Rezarta joined the NFG family as Director of Customer Experience. She is passionate about making an impact and giving back in any way she can. Her goal is to empower nonprofits so they can “do more good” in their communities. Rezarta is a seasoned traveler and has been all around the world! In her free time, you can catch Rezarta watching The Bachelor franchise and planning her next adventure!“I love giving back to society in any way I can. Working alongside organizations with a strong mission and positive impact in their communities remains a passion of mine.”Q&A with Rezarta Haxhillari, Customer Experience DirectorWhat do you do at Network for Good?I lead our Customer Experience team, which ensures we deliver the best experience possible to all our customers. Our goal is to successfully on-board customers when they first join the NFG family and encourage continued engagement with our products and services throughout their journey with us. By doing so, we are helping them achieve their organizational goals that allow them to “Do More Good” in the communities they serve.What is your experience with nonprofit organizations outside of Network for Good?I served as an Executive Director of a nonprofit organization called The Gjergj Kastrioti Scholarship Fund for three years. I now serve on the organization’s Board of Directors. I believe this experience is very valuable for my current role at NFG as I have a deep understanding of the challenges some of our customers may face.What attracts you to nonprofits? I love giving back to society in any way I can. Working alongside organizations with a strong mission and positive impact in their communities remains a passion of mine. At NFG, we help thousands of nonprofits and charities daily. Consequently, we have an indirect influence on the ability to change people’s lives, which is an incredibly rewarding feeling!What do you enjoy most about your work? I enjoy speaking with our customers and hearing about the milestones and growth they are reaching as a result of using our products and services. I’m a proponent of adding convenience in everyday tasks. So, it’s extremely rewarding to hear when our platform makes their lives easier and helps them become successful.What do you enjoy doing outside work? I love to travel. In fact, I’ve visited over 40 countries! It’s gratifying to visit and learn about new cultures and historical facts unique to each country I visit. When I travel somewhere new, I visit local museums, take part in interesting attractions, and explore the restaurant scene (so much delicious food to be tried!)Lightning RoundDream vacation? Not sure about a dream vacation destination, but a two-week vacation to any new country is always a good idea! During the first week I would tour the city, eat local food, listen to local music and get a sense of the area’s unique characteristics. The second week would be just a period to relax. Maybe a beach in that country? Yes, that sounds like a lovely vacation Most recent book read? I just finished “End Game” by David Baldacci and I would absolutely recommend it if you’re into fast-paced thrillers. I’m also a fan of anything written by James Patterson and John Grisham. All three write quick page-turners!Last movie seen in movie theater? “Green Book”, an Oscar-nominated biographical comedy-dramaTheme song? “Happy” by PharrellFavorite color? FuchsiaAll time favorite athlete? Serena WilliamsRead more on The Nonprofit Blog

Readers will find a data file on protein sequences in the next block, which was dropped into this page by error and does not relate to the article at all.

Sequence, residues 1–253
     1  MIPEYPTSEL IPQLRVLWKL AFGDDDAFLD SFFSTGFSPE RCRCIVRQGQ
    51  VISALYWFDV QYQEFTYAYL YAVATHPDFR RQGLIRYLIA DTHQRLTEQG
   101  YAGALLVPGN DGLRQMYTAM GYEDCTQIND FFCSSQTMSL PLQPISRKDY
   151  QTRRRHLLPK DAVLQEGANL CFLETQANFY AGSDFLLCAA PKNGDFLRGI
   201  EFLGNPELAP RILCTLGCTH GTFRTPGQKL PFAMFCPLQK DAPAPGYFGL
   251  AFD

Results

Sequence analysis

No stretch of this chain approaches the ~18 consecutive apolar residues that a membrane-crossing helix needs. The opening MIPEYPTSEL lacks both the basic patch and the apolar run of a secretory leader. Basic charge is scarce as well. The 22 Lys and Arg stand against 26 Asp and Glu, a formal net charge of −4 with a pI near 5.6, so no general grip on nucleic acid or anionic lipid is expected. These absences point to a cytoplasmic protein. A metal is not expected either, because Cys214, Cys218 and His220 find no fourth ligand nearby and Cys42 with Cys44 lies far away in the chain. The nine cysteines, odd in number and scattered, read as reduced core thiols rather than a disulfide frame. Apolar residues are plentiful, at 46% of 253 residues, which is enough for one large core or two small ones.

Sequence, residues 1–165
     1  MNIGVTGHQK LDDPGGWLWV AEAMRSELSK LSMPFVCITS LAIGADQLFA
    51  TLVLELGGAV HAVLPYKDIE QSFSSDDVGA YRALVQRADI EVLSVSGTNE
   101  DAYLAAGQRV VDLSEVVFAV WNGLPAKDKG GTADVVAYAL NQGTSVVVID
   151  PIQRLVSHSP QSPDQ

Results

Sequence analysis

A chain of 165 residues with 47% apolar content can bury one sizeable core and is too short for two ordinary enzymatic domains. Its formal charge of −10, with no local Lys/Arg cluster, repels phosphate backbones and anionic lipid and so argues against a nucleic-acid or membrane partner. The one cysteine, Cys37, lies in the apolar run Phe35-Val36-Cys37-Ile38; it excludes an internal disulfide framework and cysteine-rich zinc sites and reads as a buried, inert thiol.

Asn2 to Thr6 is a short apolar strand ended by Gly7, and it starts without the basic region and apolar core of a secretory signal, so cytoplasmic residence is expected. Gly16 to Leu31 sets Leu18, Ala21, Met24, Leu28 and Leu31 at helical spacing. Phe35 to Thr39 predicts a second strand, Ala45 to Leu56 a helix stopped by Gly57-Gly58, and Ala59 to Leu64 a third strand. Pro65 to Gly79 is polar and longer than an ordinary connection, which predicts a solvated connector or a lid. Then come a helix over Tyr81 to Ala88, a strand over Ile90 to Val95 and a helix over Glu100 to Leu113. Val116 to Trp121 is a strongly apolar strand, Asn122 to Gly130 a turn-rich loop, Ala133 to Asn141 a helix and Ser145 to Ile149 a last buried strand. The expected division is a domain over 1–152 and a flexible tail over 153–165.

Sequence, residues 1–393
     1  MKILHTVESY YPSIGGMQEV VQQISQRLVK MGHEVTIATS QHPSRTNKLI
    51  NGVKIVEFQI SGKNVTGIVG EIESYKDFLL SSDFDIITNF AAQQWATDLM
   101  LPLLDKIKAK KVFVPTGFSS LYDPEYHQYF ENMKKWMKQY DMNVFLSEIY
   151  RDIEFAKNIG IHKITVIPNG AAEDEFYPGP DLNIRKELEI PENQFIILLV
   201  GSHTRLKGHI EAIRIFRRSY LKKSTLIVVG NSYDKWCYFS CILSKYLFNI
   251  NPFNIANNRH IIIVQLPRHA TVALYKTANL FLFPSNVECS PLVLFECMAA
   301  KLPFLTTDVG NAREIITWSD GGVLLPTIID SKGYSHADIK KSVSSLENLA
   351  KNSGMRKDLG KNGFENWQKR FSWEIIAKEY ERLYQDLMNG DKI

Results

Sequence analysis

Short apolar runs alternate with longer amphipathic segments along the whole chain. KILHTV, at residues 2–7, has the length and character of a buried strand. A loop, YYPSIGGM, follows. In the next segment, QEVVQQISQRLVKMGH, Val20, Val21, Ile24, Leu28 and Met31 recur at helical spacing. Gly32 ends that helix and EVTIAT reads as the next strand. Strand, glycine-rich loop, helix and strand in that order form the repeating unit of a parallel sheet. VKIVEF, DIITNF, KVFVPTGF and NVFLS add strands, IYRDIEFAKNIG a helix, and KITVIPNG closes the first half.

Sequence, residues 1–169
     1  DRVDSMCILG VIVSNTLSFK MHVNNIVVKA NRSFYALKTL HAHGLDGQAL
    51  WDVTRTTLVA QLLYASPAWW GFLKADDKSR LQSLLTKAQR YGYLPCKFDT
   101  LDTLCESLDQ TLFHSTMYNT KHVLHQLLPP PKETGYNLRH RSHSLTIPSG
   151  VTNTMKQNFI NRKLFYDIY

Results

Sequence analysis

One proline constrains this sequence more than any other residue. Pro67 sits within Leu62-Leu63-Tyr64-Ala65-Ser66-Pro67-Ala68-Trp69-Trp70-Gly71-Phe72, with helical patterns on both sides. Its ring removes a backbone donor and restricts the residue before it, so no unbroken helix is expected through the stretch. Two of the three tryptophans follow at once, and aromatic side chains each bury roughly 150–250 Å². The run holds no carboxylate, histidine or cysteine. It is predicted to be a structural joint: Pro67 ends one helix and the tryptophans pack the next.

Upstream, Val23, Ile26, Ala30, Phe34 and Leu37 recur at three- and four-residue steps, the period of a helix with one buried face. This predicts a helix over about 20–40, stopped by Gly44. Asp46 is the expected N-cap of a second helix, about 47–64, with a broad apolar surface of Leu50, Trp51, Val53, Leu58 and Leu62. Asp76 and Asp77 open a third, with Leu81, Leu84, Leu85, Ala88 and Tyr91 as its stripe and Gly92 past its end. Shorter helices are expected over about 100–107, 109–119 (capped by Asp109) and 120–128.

ShareEmailPrint To learn more, read: Posted on March 22, 2018March 23, 2018By: Abdi Hassan, WASH Specialist, UNICEF Kenya; Lutomia Mangala, Health Specialist, UNICEF KenyaClick to share on Facebook (Opens in new window)Click to share on Twitter (Opens in new window)Click to share on LinkedIn (Opens in new window)Click to share on Reddit (Opens in new window)Click to email this to a friend (Opens in new window)Click to print (Opens in new window)Efforts for improving maternal and newborn health (MNH) often focus on implementing specific measures of maternity care, strengthening health systems and increasing women’s demand for giving birth in health care facilities—sometimes with little or no attention paid to the conditions of the places in which women give birth. Among these conditions is the availability—or lack—of clean water, sanitation and hygiene (WASH) facilities.Inadequate access to clean waterA 2015 World Health Organization (WHO) rapid assessment of WASH coverage in health care facilities in 54 low- and middle-income countries found that 38% of these facilities lacked access to an improved water source, or one that is likely to be protected from outside contamination. Furthermore, 35% did not have water and soap for handwashing, and 19% did not have improved sanitation, or a system that hygienically separates human excreta from human contact. The percentage of facilities without improved water rose to 42% when only countries in the African region were considered.This is consistent with the situation in some parts of Kenya, where a 2016 multi country analysis of WASH in the childbirth environment found only 18% of women delivered in an environment with improved water. UNICEF in Kenya has been supporting the government of Kenya over the past year to improve WASH conditions in select health facilities in the MNH high-burden districts of Kakamega, Homa Bay, Turkana, Garissa and Nairobi.A clean water, sanitation and energy planTo identify health facilities in great need of improved WASH facilities, UNICEF in partnership with United Nations Office for Project Services (UNOPS) supported the government in undertaking a comprehensive assessment of health facilities to determine their WASH birth environment. One example is Homa Bay County’s Nyandiwa Health Centre, which—despite being on the shores of the second largest fresh water lake by area in the world—had no reliable supply of clean water. Nyandiwa was among 50 priority health facilities in the five districts that were eventually selected for a clean water and sanitation improvement plan.The improvements at Nyandiwa entailed rehabilitation and upgrading of existing water supply system to provide sustained WASH services to the health facility. An automatic water pump on the shores of Lake Victoria pumps water from the lake to raised water tanks with a combined capacity of 20,000 liters. These act as a reservoir and are connected through a piped system to various water delivery points within the health center, including the delivery room.A UNICEF-supported green energy project has also installed a solar system which provides reliable energy to the water pumping equipment, as well as lighting to the sanitation and hygiene facilities. Health facility managers and workers were trained on hygiene promotion as well as on operation and maintenance of the water system for sustained delivery of WASH services. For example, the health center has trained and assigned a Community Health Assistant to conduct routine operation and maintenance of the WASH facilities. The health center also conducts regular cleaning of the rain water harvesting tanks which provide clean drinking water for the staff and patients.Impact on maternal newborn healthAt health facilities, hygiene workers deliver messages promoting safe waste disposal, handwashing at critical times and drinking safe water through sessions with mothers during routine maternal, newborn and child health visits as well as through posters and fliers. Although there is a dearth of rigorous research quantifying the impact of WASH on MNH outcomes, available evidence, based on biological plausibility, suggests WASH interventions could improve MNH. It is therefore hoped the improvement in WASH in Nyandiwa and the other 49 health facilities will contribute to improvements in MNH service utilisation, and ultimately better health outcomes for mothers and newborns. Governments should develop plans and frameworks to continue improving WASH in health facilities and ensure that adequate financial resources are available to realize these goals.—Join the conversation on World Water Day by using #WorldWaterDay.Read about giving birth without clean water.Photo Credit: Eric Sakwa, UNOPS Engineer, KenyaShare this: